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With Cuttin’ In, 20-year-old Sean Costello serves up a retro-sounding release that includes gritty jump, raucous Chicago blues and funky New Orleans R&B, all done up with the know-how and agility of an artist twice Costello’s age. Unfortunately, the tinny analog sound – obviously intended to lend a 1950s air to the proceedings - detracts somewhat from the music. Still, the production is not so bad that blues fans should ignore this album.
Costello first gained attention as the hot lead guitarist in Susan Tedeschi’s band. He played on Tedeschi’s smash album Just Won’t Burn when he was just 18. Cuttin’ In is actually Costello’s second solo release, and the music here is so good I may have to track down his first album. Costello comes across as a well-rounded artist. He sings with emotional intensity, his guitar work is fiery, and his songwriting shows great promise. It's enough to make you forget about Kenny Wayne Shepherd and Jonny Lang.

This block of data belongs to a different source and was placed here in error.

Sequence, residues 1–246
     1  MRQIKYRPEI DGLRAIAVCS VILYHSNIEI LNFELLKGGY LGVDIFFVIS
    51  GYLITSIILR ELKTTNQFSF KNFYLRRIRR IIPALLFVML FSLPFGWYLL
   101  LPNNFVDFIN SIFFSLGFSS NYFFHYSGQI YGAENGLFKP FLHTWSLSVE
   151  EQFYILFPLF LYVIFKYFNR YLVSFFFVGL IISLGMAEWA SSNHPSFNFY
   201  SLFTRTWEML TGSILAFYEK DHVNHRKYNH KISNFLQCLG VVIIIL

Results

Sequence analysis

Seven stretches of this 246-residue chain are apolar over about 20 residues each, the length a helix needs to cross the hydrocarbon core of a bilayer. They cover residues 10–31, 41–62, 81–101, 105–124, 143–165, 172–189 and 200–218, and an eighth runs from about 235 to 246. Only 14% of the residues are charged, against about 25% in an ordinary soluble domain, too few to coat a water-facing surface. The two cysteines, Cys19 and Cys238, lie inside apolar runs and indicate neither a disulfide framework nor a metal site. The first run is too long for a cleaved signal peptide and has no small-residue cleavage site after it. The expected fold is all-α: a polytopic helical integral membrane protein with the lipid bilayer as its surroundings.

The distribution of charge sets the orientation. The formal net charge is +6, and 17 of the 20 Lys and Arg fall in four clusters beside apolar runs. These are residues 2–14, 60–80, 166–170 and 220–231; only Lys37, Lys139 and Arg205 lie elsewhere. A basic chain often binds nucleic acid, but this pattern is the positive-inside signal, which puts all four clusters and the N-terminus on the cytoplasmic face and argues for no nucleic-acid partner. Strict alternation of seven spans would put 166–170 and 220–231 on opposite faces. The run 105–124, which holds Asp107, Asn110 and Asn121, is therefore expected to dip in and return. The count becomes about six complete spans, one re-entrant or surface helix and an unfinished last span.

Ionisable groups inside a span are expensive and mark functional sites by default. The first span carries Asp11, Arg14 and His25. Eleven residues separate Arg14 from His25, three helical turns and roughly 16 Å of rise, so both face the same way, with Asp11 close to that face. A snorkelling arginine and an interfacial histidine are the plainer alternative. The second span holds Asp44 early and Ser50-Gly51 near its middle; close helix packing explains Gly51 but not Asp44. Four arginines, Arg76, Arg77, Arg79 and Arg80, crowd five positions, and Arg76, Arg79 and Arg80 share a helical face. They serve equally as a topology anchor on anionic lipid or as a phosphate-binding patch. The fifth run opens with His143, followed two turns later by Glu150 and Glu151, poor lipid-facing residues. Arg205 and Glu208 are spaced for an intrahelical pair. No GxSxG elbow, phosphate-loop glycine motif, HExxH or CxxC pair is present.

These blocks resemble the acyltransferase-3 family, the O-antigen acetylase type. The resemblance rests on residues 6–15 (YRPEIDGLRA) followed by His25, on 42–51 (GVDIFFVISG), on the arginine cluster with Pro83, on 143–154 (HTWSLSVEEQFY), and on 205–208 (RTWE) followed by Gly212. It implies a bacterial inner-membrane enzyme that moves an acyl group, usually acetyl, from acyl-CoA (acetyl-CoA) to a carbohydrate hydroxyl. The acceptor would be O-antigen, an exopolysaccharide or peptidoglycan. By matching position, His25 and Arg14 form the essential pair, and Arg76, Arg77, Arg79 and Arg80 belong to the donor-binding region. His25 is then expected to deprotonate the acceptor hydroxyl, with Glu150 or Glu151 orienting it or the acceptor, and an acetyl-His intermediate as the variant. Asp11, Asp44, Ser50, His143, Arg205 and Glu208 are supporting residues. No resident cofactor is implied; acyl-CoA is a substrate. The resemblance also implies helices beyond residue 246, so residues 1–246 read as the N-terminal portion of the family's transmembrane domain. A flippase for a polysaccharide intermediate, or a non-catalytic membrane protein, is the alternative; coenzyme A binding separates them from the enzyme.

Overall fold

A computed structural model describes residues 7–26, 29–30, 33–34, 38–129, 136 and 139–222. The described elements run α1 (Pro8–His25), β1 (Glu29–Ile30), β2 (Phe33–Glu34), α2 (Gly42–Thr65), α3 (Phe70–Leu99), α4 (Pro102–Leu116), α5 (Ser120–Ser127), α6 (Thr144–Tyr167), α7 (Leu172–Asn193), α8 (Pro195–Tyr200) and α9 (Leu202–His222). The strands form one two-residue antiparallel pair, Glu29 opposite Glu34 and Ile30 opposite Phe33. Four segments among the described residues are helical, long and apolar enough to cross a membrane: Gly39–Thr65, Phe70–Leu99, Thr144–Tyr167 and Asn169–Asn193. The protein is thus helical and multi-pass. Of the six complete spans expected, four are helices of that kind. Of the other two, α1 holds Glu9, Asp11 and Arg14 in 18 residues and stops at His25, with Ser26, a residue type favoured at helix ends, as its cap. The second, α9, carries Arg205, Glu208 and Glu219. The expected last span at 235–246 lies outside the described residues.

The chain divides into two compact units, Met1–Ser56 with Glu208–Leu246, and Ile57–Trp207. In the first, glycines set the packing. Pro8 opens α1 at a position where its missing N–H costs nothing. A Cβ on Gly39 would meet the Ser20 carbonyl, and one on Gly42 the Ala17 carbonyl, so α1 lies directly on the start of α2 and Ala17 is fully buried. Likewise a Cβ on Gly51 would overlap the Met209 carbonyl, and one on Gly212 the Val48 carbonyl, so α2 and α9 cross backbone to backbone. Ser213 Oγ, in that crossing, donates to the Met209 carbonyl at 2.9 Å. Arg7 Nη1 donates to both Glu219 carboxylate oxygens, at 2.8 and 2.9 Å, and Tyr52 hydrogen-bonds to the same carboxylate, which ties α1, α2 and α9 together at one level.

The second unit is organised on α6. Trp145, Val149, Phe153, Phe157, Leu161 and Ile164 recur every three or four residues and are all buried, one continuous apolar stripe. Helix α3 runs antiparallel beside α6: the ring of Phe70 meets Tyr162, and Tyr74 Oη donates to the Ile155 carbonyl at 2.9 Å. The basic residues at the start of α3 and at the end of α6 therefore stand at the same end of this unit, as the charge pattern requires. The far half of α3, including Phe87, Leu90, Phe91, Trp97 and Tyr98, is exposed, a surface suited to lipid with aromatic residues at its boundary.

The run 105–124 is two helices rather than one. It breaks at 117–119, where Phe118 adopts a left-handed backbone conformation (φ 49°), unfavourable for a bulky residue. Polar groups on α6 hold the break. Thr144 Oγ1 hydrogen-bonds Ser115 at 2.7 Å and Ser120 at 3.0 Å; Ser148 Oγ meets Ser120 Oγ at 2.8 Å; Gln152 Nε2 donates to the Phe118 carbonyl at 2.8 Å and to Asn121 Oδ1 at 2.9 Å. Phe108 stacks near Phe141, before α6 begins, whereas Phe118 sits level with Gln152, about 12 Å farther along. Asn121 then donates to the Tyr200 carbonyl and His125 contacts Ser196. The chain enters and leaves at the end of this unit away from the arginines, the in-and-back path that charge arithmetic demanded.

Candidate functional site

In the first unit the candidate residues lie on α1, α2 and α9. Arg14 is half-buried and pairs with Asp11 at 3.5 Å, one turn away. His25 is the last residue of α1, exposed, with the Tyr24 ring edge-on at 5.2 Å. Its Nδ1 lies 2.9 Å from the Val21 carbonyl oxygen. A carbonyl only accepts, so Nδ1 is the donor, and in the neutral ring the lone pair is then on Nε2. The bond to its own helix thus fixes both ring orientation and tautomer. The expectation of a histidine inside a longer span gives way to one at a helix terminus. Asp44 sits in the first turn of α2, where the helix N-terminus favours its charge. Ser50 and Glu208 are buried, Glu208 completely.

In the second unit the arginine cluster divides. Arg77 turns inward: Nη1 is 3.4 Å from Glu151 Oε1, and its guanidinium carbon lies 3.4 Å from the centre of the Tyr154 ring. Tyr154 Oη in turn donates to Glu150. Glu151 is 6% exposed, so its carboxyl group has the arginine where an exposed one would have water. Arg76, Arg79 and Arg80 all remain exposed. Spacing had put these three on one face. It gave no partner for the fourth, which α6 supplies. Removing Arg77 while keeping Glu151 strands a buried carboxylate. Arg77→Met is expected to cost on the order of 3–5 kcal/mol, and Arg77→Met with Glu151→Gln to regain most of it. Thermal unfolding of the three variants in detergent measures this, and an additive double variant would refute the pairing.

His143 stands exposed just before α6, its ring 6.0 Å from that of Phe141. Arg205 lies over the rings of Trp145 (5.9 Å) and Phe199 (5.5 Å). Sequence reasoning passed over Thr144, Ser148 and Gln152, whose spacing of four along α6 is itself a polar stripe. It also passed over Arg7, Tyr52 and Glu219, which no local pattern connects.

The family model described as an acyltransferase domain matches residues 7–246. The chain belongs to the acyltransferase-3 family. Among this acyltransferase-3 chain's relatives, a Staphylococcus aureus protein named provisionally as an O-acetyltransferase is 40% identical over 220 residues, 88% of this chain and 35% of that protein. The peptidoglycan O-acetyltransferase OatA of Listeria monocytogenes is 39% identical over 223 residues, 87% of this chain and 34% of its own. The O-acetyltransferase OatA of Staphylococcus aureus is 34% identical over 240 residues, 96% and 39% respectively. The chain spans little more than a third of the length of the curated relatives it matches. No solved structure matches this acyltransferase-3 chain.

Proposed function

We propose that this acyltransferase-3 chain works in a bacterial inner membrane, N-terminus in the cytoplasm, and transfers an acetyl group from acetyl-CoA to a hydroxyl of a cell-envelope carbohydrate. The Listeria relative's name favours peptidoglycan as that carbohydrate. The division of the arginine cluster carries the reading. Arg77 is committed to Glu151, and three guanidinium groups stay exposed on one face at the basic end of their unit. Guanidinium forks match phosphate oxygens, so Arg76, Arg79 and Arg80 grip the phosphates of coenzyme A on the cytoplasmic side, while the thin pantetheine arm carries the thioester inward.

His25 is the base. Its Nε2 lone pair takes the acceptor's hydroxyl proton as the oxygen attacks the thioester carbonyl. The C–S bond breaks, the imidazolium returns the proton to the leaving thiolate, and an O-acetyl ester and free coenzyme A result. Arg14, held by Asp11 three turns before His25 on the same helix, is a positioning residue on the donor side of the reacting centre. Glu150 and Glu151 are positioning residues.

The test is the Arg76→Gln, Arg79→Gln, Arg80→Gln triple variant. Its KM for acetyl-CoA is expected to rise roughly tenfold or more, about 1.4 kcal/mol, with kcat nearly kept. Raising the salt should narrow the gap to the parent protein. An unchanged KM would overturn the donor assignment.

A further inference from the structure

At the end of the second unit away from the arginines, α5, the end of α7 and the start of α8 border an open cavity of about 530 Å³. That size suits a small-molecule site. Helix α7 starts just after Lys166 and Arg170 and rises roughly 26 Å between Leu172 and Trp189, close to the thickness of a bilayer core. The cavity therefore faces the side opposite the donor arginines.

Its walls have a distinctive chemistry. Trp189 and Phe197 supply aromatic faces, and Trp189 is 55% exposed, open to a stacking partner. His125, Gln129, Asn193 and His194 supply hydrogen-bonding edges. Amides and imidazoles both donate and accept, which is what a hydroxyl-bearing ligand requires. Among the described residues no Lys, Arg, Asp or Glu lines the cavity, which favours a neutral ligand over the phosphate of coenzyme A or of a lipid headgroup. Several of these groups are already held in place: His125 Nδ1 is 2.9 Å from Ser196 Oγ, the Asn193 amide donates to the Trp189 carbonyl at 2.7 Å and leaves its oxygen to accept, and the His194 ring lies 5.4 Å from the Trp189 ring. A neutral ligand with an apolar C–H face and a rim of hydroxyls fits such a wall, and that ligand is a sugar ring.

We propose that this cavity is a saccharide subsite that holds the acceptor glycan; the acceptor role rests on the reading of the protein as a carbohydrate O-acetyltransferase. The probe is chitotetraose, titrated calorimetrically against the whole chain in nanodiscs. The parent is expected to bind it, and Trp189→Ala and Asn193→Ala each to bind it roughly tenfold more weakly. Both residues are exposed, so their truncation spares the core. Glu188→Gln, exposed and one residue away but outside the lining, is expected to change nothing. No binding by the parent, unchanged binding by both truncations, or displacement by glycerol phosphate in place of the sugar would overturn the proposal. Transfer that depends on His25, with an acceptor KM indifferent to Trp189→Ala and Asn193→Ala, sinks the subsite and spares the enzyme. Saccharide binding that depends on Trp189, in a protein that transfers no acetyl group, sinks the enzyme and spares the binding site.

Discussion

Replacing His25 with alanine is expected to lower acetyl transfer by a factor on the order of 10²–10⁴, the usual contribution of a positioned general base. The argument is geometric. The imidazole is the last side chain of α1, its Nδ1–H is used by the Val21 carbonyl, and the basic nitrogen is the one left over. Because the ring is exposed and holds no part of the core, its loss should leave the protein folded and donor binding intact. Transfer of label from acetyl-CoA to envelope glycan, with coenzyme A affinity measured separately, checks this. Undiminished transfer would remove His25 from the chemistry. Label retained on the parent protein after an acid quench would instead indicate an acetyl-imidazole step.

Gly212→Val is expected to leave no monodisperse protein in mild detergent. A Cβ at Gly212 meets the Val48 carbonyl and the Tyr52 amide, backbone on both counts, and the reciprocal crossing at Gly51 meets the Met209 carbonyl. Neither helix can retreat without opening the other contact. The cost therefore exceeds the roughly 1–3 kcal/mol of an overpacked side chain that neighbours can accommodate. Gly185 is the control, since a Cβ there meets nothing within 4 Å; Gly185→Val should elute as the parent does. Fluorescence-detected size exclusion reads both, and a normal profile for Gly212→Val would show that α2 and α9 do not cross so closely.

The album includes some Chicago chestnuts (Willie Dixon’s "I Want to Be Loved" and Otis Rush’s "Double Trouble"), a few choice obscurities (including Junior Watson’s "Cuttin’ In"), as well as three Costello originals. The Chicago tunes bring to mind Muddy Waters’ hard-rocking ‘70s band with Pinetop Perkins, Johnny Winter and Bob Margolin, while the R&B tunes are faithful to the Ace Records sound. Costello’s original compositions reflect his knowledge of both blues and jump. In fact, this whole package is righteously raucous.
Granted, the covers don’t deviate much from the original versions, but they’re played with passion and skill, particularly J. B. Lenoir’s boisterous "Talk to Your Daughter," Earl King’s soulful classic "Those Lonely, Lonely Nights," and a neat version of Blind Blake’s unusual calypso tune "Goombay Rock."
What Cuttin’ In lacks in originality it makes up for with diversity, chops and enthusiasm. Given his fresh-faced good looks and precocious abilities, Sean Costello could be well on his way to blues superstardom.
I love jazz because anything is possible; it has few rules and the best jazz breaks those ones. I prefer free improv because it doesn't really have any rules at all.
I was first exposed to jazz in my teens (in the late sixties).
The first jazz record I bought was Filles de Kilimanjaro by Miles Davis, shortly followed by Extrapolation by John McLaughlin.
My advice to new listeners is to listen as widely as possible and not to make snap judgments--stick with it.